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Hot Divinyls : Titles like 'I Touch Myself' sung by Christina Amphlett give this Down Under band a lusty reputation.


Fire season is almost here. In fact, it'll be here Saturday. It has nothing to do with that silly drought, dry brush, or any of that.

The Divinyls, featuring the steamiest, sexiest female in all of rock 'n' roll, Christina Amphlett, will be bringing her own personal brand of infernal combustion to the stage of the venerable Ventura Theatre on Saturday night.

Call the Fire Department--this Divine Miss A has already made blood boil within the veins of every male who likes girls because of the sexy video of the band's hit "I Touch Myself," which reportedly is melting television sets from sea to shining sea.

"Well, I don't think it's as steamy as it could be," said Amphlett in a recent phone interview. "It's quite tame really. It's very accessible--MTV plays it a lot. I guess I shouldn't complain. I don't know why the song is such a big hit, I guess it just stimulates the imagination.

"Sometimes I get these young boys hanging about after the show, these stage-door Johnnys, but it's not really a problem. Sometimes, I wish it were more of a problem."

Amphlett and her musical accomplice, guitarist Mark McEntee, started the band about 10 years ago Down Under where there are few people, many good bands and reportedly, great beer. Amphlett has one of the most original voices in rock--sort of like a critter in melodious heat-- and she strides, slinks and slithers across the stage with the determination of Stuart Anderson chasing a herd of beef with a meat cleaver.

"About 10 years ago, I was in a religious choir. I wasn't religious or anything, I just wanted to develop the top range of my voice," Amphlett said. "Mark had heard of me and came out to see me sing. I was asked to leave the choir that day.

"Then Mark and I began to write some songs--our first one was "Boys In Town," which we still play. I sing the way I do because I'm in a loud rock 'n' roll band. The music is rowdy, energetic with some pop edges and lots of melody as well. We do some ballads, but we're definitely a rock 'n' roll band."

The band has seemingly been on the road constantly since the 1983 worldwide release of the "Desperate" album, playing at the giant US Festival and in every room with an electric plug since.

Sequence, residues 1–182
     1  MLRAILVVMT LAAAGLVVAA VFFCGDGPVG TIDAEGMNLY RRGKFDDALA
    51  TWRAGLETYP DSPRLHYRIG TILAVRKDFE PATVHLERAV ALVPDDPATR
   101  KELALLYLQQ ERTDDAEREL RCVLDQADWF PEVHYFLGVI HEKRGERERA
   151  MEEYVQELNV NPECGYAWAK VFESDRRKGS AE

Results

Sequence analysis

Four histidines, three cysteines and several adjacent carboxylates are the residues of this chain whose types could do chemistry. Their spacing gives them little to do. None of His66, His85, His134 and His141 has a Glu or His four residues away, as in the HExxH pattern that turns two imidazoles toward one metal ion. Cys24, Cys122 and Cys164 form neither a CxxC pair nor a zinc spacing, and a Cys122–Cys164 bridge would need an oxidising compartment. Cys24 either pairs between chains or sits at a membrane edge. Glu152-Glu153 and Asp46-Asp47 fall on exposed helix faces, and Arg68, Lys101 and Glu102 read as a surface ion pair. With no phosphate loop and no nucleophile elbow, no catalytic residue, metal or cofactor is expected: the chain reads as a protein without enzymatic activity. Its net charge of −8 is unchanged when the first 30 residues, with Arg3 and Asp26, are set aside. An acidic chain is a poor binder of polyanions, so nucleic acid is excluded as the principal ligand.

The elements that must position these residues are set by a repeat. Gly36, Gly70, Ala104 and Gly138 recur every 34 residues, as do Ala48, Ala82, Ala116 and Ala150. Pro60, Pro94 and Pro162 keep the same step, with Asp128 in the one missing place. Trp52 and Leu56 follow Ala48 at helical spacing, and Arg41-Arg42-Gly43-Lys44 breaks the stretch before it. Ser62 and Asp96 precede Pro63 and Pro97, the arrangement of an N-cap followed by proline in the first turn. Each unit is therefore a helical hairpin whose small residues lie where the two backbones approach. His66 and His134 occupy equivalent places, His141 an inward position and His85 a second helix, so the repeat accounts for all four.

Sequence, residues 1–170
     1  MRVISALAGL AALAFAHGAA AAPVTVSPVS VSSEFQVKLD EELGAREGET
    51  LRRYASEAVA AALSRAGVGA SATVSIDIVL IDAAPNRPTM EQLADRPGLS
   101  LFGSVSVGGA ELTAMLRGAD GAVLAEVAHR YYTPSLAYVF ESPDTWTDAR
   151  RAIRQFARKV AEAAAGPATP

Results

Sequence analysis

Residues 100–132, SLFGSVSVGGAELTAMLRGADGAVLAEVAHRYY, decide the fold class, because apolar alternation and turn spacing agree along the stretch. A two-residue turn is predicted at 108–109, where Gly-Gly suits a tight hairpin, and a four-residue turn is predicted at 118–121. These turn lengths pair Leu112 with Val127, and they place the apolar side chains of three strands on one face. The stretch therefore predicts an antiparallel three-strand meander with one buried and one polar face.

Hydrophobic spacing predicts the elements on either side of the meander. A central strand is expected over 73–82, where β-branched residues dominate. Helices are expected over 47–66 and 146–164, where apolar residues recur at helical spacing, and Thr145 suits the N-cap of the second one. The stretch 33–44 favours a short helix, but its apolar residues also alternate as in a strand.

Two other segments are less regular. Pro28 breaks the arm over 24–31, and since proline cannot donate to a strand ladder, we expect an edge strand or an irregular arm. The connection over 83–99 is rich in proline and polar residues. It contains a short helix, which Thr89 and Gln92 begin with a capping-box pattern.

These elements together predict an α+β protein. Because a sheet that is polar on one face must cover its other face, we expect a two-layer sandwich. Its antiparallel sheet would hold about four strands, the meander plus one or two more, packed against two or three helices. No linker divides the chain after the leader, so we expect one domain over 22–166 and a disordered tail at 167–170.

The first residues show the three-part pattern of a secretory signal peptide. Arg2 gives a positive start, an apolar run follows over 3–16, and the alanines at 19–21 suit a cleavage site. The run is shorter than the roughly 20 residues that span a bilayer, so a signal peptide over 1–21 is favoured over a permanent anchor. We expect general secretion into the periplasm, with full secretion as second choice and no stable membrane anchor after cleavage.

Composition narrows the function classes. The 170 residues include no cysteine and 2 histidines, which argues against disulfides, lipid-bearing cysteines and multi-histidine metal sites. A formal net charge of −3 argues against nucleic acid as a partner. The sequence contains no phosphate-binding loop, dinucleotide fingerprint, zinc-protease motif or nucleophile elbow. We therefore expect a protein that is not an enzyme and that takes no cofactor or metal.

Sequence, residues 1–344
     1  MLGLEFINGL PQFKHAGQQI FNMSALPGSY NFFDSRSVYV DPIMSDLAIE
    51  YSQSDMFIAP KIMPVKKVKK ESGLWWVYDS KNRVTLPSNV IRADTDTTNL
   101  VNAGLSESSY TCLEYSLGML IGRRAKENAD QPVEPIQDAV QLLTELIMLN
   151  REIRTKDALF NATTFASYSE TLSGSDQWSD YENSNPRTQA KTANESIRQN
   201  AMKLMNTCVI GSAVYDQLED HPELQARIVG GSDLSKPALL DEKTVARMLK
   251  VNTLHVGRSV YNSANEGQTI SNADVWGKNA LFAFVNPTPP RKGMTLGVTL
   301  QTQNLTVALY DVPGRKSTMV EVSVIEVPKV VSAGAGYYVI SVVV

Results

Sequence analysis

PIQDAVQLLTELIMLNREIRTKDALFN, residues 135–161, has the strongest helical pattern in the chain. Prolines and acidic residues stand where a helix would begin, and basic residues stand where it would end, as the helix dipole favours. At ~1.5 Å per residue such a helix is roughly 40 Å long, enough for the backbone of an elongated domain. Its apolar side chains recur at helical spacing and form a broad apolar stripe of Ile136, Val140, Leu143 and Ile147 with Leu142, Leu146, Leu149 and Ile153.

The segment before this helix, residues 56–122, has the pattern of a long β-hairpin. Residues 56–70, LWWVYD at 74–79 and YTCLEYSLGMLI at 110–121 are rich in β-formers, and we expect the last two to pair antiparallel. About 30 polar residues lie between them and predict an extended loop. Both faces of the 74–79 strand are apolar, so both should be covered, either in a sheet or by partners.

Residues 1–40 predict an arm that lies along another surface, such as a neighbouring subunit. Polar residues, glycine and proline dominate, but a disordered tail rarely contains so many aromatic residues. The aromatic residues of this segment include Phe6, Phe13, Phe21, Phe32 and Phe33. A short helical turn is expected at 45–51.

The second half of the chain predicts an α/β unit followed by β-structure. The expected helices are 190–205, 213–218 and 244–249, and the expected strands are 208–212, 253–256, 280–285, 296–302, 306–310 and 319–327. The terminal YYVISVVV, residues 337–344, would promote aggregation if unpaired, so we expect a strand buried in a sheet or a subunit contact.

For the Divinyls, the fifth time was the charm--the previous four albums made a few ripples, then vanished without a trace. But this time, the Divinyls are headlining the show, and, of course, Amphlett is headlining the band.

"We've been out on the road about four or five months this time," Amphlett said. "The album has gone gold in America, is in the Top 10 in England and the audiences have been really responsive. This country is just so vast. There are 250 million people here and just 16 million in Australia with the same land mass."

But Amphlett is undaunted at the thought of facing 234 million more people than she is used to. In fact, she claims to like the feeling of rubbing up against the masses. "It's good to travel and go overseas. While the music scene is very healthy in Australia, playing music, I suppose, is the only ticket out of there. We've been living out of suitcases for the last several months. Now, I get my bed made every day, but I wish I could have a pet."

Divinyls music basically avoids the Big Issues and not surprisingly, focuses on lust, love, and more lust. The photos of Amphlett on the current album's bio sheet add fuel to the fire and prove that sex sells.

With songs such as "Lay Your Body Down," "Love School" and "If Love Was A Gun," one can look for that Save the Whales preachiness elsewhere.

"Some of the musicians that make the music are very sincere and some of them have done some good work, but I don't like politics," she said. "I just want to keep true to myself. I'm not a cynic--I'm more of a romantic."

Opening will be local rockers Ariel and Clyde, a rock/funk group from Thousand Oaks. The line outside the stage door will be the army of stage-door Johnnys hoping for a miracle.

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